Understanding Your Teen - 10 Dos For Parents

How many frustrated parents are left seething after yet another row which ends with their teenager slamming out of the room?

Here are 10 ways to help you understand and deal with your teen.

1. Have a clear boundary between your parent role and your friend role

You can be a friend to your child but sooner or later your parent role will clash. A teen should be able to tell a friend anything without being judged and parents just can't do that because they care too much. Be a good friend, but remember, kids can find friends anywhere. Good parents are extremely rare.

2. Be involved

This means being there even when it isn't easy or convenient and when they aren't interested in having you around. It's about knowing what's going on in your teen's life, heart and mind, and being there so they'll come to you if they're in trouble.

3. Make your teen accountable

It's your responsibility to prepare your teens for life. Teach them that if they want a certain lifestyle they have to put some effort in to achieve it. It's not about money, it's about responsibility, independence and being able to stand on their own two feet. Give them an allowance for jobs, but don't pay them if they don't do what they're supposed to. That's teaching them how the world works.

4. Listen to them

This means listening and understanding, not hearing and judging. Even if they're argumentative or disrespectful, don't interrupt. Try to get the message that's underneath. Often it's a cry for help. Remember, you're the grown up.

5. Explain yourself

If you explain your reason for making a decision, you'll help them to know how to make good decisions themselves. For instance tell them you want them home by a certain time because after that the streets aren't safe. Even if they don't respect it now, they will as adults.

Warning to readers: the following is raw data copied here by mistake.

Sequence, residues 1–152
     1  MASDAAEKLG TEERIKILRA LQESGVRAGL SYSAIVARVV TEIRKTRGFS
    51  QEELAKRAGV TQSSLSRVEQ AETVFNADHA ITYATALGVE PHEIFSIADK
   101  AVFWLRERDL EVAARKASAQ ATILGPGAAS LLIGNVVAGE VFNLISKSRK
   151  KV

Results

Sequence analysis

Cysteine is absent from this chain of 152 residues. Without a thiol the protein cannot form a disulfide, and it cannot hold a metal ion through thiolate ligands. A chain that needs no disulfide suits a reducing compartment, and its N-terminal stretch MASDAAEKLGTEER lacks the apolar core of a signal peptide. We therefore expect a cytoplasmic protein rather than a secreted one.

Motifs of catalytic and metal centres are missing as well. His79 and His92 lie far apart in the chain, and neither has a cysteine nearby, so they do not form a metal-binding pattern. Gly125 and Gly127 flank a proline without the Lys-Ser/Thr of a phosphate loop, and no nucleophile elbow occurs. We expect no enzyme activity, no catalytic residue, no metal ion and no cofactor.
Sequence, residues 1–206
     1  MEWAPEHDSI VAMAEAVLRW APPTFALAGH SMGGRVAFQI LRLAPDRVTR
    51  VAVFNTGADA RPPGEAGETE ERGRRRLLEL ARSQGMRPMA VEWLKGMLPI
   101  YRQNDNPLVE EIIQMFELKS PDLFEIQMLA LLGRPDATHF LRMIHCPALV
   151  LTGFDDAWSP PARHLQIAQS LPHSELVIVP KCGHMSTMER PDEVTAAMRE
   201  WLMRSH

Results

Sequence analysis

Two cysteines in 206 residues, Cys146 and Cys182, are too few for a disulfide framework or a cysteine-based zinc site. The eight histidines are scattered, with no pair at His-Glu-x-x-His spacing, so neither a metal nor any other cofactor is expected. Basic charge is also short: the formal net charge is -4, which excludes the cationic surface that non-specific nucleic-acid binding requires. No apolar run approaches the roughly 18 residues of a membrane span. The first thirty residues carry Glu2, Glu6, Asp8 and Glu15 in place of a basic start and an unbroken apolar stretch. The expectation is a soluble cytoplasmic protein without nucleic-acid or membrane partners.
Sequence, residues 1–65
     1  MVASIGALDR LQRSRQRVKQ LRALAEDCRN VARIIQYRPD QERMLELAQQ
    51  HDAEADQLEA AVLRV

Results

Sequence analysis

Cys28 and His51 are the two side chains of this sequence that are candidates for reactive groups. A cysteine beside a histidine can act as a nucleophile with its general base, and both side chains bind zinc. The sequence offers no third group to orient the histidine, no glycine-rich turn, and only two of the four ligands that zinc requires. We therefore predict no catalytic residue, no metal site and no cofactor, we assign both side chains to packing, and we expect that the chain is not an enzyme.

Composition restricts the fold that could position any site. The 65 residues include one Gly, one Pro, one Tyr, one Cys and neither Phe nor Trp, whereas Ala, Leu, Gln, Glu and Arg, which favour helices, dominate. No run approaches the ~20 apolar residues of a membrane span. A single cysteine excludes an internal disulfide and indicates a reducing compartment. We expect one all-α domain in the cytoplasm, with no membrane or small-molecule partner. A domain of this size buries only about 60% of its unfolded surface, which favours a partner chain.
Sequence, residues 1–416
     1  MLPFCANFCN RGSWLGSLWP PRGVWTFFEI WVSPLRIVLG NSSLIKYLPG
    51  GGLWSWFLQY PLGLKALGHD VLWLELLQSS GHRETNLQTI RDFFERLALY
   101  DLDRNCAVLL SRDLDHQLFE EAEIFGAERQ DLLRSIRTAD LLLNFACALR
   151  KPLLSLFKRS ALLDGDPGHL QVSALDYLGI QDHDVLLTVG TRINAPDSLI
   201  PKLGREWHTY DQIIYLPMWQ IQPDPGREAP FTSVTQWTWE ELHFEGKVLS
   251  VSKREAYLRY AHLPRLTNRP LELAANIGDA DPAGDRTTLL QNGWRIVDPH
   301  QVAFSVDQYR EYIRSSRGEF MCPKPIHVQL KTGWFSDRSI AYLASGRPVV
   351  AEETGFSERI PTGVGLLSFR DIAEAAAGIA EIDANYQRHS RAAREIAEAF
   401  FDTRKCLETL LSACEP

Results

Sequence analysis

6. Stand up for your teen

Back them up. They need to know you're behind them.

7. Tune in

Know what music they're listening to and everything they're involved in.. the names of their friends (and their parents). Check out their bedroom and downloads. If you don't you're shirking your responsibilities.

8. Be flexible

It's good to have rules, but if there are exceptional circumstances, it?s OK to bend them.

9. Share your interests

Shared interests mean you understand each other better. You learn together and share experiences. Believe it or not your teen wants to have some connection with you besides arguing over the car keys.

10. Keep talking even when they won't listen

This is a secret, but teens do listen to their parents. Even when they're yelling, your words do stick. Tell them what you think about smoking, drugs, sex and it will get through, even if it looks like it hasn't. If you don't, you're neglecting them.

Jay McGraw
Good to Know
Good to Know features lots of parenting advice including information on how to talk to children and a everything else you need to know when raising a family.

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